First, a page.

Colleen Haggerty was a 17-year-old high school student from Bellevue when she drove her older sister to Western Washington University on a wintry January day.
South of Bellingham on the freeway, their car spun 180 degrees in the snow and came to rest against the guardrail by the fast lane. They waited for help, but cars in the slow lane kept going.
When Haggerty stepped out of her car to seek help, a driver in the fast lane tried to move over, but lost traction and pinned Haggerty against her car.
Her left leg had to be amputated above the knee.
Today, Haggerty is a 50-year-old mother and the program director at Big Brothers Big Sisters of Northwest Washington.
She's also a re-energized walker after years of painful inertia, so much so that she's walking to raise money for a Seattle foundation that helps amputees in foreign lands walk again on two legs.
After her young-adult years as a gung-ho amputee athlete, Haggerty found herself stymied by pain and inactivity after her pregnancies. Five months ago, she vowed to change.
"I had gotten to a place where I was pretty immobile," she said, "and I didn't like that."
After the accident, Haggerty was determined not to let her status as an amputee slow her down. She snow skied and she backpacked. She played amputee soccer. She sky-dived.
"I had to know what I could do," she said.
She later earned a degree in therapeutic recreation at Western and went into social service. She and her husband, Mark Robinson, moved to Bellingham seven years ago from the Seattle area.
Haggerty loves her children - Luke, 13, and Tessa, 10 - but found her pregnancies, with their related weight gain and shift in her hip bones, made it more painful to walk. More recently, she had difficulty finding a comfortable socket for her new prosthetic leg.
The result: She walked less and sat more. She could get around the house and office, and could navigate the grocery store, but anything longer was too hard, too painful.
"I realized I'm going to turn 50 and I've got to turn the tide," she said.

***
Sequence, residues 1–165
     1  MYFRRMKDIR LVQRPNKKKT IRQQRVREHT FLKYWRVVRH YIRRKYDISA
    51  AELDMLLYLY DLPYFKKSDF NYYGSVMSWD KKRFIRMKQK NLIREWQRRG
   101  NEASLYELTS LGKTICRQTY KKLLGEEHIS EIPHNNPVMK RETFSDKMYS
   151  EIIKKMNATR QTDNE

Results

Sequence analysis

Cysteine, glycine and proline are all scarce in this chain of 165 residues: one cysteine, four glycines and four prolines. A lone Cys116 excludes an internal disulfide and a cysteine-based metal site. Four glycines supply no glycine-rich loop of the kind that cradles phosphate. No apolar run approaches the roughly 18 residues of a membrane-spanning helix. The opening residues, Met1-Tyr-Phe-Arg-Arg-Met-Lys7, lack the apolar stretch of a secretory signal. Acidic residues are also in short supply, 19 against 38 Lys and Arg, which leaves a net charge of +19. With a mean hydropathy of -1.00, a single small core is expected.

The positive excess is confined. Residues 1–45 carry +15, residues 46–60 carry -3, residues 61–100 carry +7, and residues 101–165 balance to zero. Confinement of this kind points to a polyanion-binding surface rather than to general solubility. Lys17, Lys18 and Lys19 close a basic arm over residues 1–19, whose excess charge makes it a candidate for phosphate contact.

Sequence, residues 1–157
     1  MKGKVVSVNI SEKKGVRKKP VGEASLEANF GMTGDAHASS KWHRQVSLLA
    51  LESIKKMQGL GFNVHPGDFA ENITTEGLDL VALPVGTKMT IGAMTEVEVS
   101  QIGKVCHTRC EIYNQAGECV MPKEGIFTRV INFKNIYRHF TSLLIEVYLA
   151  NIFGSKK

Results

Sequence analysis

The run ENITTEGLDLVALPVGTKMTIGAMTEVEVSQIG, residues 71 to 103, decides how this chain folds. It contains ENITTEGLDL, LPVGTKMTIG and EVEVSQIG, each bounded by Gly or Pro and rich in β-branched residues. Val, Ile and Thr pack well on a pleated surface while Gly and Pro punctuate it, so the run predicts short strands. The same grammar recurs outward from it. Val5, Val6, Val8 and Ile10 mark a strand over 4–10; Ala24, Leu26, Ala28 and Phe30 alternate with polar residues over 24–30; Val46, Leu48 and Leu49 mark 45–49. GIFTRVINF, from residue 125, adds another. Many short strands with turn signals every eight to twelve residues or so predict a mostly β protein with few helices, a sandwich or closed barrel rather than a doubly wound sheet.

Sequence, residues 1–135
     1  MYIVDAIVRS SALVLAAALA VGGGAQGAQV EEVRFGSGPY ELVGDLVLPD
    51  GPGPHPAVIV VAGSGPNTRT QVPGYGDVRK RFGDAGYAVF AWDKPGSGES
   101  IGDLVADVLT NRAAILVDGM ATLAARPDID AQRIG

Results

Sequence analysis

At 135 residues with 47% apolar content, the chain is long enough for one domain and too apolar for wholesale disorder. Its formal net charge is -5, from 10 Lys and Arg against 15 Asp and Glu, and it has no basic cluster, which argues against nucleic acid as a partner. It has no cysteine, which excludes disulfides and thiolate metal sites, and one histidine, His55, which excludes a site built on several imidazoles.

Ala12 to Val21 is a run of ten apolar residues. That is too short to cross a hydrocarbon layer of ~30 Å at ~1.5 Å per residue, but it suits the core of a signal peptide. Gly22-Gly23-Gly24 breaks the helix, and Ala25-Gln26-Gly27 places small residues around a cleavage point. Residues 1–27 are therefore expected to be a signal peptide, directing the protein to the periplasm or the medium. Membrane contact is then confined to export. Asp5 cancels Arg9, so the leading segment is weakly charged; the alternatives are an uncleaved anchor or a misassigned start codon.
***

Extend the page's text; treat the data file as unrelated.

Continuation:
Haggerty recently enrolled in Excellence Northwest, a local program that helps people set goals to improve their lives. She set a goal of being able to walk Tessa to or from school, a distance of one mile, round-trip.
Haggerty had seven weeks to reach her goal, and began a blog - "My Mile Walk" - to document the experience. By the 11th day, she doing well enough that she set a bigger goal: hike two miles.
Twenty-two days after she began, she walked Tessa home from school. On day 42, she hiked to Fragrance Lake, a four-mile trip.
She decided to think bigger, and happened to see a newspaper story about the thousands of Haitians who are now amputees after the Jan. 12 earthquake there.
The story mentioned the Prosthetics Outreach Foundation, a Seattle program that helps people in Vietnam, Bangladesh, Sierra Leone and Liberia who are amputees or clubfooted. The foundation helps those countries become self-sufficient by training people to treat amputees and to make prosthetic limbs using local materials.
Haggerty visited the foundation and learned its first benefit walkathon was set for July 10 in Seattle. She found a new goal.
She decided to walk a mile a day for 100 days, with the goal of raising $30,000, enough for 100 prosthetic limbs, and plans to complete her 100th mile at the walkathon.
Haggerty knows there are amputees in other countries who face much bigger challenges in life. Despite some pain, she's now walking for them.
"I think about the mothers who want to walk and carry their baby," she said. "Or the fathers who can't get a job. Or the children who can't go to school because they can't get there."
To help Colleen Haggerty raise money for the Prosthetics Outreach Foundation, see her blog at mymilewalk.blogspot.com.
For details about the foundation, see pofsea.org or call (206) 726-1636.
For information about Excellence Northwest, see excellencenw.org or call 715-0105.